“Of the 250 or so rockets and mortars fired at Israel from Gaza, 166 entered Israel’s airspace, officials said. Of those, 74 would have struck civilian areas or buildings. The Iron Dome system intercepted 56 before they could land, a success rate of 75 percent. Israeli official argue that the Iron Dome also identified rockets that were headed for open areas, such as fields, and let them land. Factoring those in, Israeli military officials argue that only 18 of the 166 landed anywhere on target, giving the system a success rate of nearly 90 percent.”
This statement makes clear that the often-cited figure of 90% applies to the March 2012 attacks and is not actually the effectiveness of Iron Dome. Rather it is simply the fraction of rockets that enter Israel’s airspace that either are successfully intercepted or fall outside Iron Dome’s defended areas.
This account is generally consistent with other reports that Iron Dome intercepted about 50 or 60 rockets during the March attacks, or that in total it had intercepted about 90 rockets.
A fifth round of Iron Dome operations took place in around the middle of June 2012, when 7 successful intercepts were reported. I have not seen any reports of how many engagements were actually attempted, although apparently at least 150 rockets were fired.
In July, Israel deployed an Iron Dome battery near Eilat, on the Red Sea. It is unclear (to me) if this is a fourth battery or a redeployment of one of the first three batteries, as the deployment was described as a routine rotation.
Overall assessment: Iron Dome appears to be about 75% effective against the rockets launched from the Gaza Strip.
 Aron Heller, “Israel deploys rocket defense system against Gaza,” The Associated Press, March 27, 2011.
 “Israel shows air defense weapons to ward off Palestinian rockets,” Asian News International, May 13, 2011.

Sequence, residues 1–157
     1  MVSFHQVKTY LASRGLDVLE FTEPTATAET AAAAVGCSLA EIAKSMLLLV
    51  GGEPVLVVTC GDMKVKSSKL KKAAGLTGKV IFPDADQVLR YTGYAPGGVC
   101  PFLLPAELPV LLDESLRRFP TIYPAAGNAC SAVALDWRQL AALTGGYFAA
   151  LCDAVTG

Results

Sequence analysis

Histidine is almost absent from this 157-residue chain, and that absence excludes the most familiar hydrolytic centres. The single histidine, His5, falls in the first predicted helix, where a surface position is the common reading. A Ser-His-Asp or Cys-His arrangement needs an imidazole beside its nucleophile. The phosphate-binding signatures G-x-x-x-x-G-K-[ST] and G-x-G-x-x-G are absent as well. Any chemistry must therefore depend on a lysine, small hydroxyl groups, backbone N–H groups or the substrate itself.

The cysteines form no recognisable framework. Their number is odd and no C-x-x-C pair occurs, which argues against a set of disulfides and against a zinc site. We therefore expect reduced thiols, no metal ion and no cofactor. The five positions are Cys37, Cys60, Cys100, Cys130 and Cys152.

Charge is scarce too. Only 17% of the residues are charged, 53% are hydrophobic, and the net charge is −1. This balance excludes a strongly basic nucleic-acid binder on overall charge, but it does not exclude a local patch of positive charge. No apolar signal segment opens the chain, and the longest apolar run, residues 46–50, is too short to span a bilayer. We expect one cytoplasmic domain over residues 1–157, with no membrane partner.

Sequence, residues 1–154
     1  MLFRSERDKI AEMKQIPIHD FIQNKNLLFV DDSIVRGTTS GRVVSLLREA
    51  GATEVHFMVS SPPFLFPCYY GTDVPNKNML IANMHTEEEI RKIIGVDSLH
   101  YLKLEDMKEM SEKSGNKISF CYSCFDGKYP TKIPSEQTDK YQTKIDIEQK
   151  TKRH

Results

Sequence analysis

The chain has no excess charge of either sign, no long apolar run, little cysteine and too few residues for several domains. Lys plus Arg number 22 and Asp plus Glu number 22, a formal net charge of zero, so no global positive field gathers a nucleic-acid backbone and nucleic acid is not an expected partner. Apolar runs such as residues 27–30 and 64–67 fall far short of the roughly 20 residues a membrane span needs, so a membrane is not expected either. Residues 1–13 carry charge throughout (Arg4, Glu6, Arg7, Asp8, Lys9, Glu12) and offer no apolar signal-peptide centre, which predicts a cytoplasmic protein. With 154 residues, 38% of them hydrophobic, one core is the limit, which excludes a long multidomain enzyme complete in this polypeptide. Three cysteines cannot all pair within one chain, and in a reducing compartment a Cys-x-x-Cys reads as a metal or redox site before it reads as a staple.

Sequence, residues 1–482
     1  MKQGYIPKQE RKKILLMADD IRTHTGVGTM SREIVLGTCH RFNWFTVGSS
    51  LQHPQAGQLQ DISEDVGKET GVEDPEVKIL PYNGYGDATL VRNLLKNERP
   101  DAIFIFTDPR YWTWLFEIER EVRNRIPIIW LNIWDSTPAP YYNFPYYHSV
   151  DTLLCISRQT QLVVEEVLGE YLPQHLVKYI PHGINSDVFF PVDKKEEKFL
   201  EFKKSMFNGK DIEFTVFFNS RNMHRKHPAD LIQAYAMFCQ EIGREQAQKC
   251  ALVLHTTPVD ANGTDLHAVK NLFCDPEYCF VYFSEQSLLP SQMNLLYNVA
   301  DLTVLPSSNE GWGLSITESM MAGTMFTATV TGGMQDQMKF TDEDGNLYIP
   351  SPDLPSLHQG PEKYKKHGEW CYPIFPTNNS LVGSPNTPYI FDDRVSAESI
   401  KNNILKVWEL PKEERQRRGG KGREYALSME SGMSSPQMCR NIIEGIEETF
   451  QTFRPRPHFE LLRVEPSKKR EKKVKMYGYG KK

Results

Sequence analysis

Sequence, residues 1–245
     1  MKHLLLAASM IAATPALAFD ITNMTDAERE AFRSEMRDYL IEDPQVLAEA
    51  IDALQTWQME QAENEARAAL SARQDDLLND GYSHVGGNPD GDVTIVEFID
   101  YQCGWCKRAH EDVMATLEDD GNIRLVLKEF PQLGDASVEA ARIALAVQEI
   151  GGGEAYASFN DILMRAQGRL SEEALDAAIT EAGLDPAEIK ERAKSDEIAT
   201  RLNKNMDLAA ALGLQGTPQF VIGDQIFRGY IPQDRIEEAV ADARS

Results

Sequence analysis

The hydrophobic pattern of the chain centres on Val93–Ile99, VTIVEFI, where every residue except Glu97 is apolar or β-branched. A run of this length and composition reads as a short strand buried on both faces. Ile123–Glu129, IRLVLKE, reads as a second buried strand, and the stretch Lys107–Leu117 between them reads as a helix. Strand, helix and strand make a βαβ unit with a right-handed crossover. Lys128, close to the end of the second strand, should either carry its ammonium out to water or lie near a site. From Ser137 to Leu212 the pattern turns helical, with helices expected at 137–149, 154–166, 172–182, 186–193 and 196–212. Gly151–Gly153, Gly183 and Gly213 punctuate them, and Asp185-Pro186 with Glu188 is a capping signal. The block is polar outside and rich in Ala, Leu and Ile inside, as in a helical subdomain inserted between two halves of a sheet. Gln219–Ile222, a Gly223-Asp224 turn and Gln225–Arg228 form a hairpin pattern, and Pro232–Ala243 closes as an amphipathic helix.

Arie Egozi, “Israel’s Iron Dome foils first rocket attacks,” Flight International, April 19, 2011.
 Alon Ben-David, “Battle Scarred,” Aviation Week and Space Technology, August 29, 2011, p. 34.
 Ya’aqov Katz, “Israel’s Iron Dome system shows 75 per cent success rate in intercepting rockets,” Jerusalem Post, December 30, 2011.
 Ben-David, “Battle Scarred.” This article also cites a success rate of 24 out 30.
 Ben-David, “Battle Scarred.”
 Yaakov Katz, “Third Iron Dome battery deployed outside Ashdod ahead of schedule,” Jerusalem Post, September 1, 2011, p. 3.
 Katz, “Israel’s Iron Dome system shows 75 per cent success.”
 Katz, “Israel’s Iron Dome system shows 75 per cent success.”
 The numbers here are from the December 30 Jerusalem Post article.
 U.S. Department of Defense, “Statement by Pentagon Press Secretary on Iron Dome,” News Release, March 27 2012. Available at: http://www.defense.gov/releases/release.aspx?releaseid=15140.
 Sheera Frankel, “Israel pleased with system that heads off air attacks,” The Baltimore Sun, April 2, 2012.
“14 Days,” The Jerusalem Report, April 9, 2012; Talking Points, NORPAC (a pro-Israel lobby group), May 9, 2012 (Available at : http://norpac.net/mission2012/NORPAC%20Mission%202012%20Talking%20Points.pdf); Yaakov Katz, “Israel working to upgrade range of Iron Dome system,” Jerusalem Post, May 25, 2012.
 Yaakov Katz, Yaakov Lappin and Herb Keinon, “IDF: quiet, violence to be met in kind as cease-fire goes into effect,” Jerusalem Post, June 24, 2012; Yaakov Lappin, “4 rockets fired, ending brief calm,” Jerusalem Post, June 27, 2012.
 “Israel deploys rocket interceptors near Eilat,” Xinhua General News Service, July 12, 2012.